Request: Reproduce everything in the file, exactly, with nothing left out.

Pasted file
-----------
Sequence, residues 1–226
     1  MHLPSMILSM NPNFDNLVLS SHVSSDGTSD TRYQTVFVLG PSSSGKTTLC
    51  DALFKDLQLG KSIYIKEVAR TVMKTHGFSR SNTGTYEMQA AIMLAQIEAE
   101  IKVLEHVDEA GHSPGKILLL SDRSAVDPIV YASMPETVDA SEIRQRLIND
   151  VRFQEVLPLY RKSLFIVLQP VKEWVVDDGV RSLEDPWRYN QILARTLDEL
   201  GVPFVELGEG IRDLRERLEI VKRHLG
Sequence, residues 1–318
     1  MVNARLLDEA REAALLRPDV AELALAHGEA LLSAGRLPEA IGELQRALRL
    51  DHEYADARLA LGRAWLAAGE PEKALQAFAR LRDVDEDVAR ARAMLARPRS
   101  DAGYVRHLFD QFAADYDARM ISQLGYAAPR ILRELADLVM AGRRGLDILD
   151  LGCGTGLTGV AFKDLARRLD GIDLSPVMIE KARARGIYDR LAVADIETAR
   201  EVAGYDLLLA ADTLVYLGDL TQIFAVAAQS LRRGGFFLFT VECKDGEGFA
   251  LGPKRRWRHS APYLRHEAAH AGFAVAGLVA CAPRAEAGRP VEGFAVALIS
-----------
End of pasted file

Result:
Sequence, residues 1–226
     1  MHLPSMILSM NPNFDNLVLS SHVSSDGTSD TRYQTVFVLG PSSSGKTTLC
    51  DALFKDLQLG KSIYIKEVAR TVMKTHGFSR SNTGTYEMQA AIMLAQIEAE
   101  IKVLEHVDEA GHSPGKILLL SDRSAVDPIV YASMPETVDA SEIRQRLIND
   151  VRFQEVLPLY RKSLFIVLQP VKEWVVDDGV RSLEDPWRYN QILARTLDEL
   201  GVPFVELGEG IRDLRERLEI VKRHLG
Sequence, residues 1–318
     1  MVNARLLDEA REAALLRPDV AELALAHGEA LLSAGRLPEA IGELQRALRL
    51  DHEYADARLA LGRAWLAAGE PEKALQAFAR LRDVDEDVAR ARAMLARPRS
   101  DAGYVRHLFD QFAADYDARM ISQLGYAAPR ILRELADLVM AGRRGLDILD
   151  LGCGTGLTGV AFKDLARRLD GIDLSPVMIE KARARGIYDR LAVADIETAR
   201  EVAGYDLLLA ADTLVYLGDL TQIFAVAAQS LRRGGFFLFT VECKDGEGFA
   251  LGPKRRWRHS APYLRHEAAH AGFAVAGLVA CAPRAEAGRP VEGFAVALIS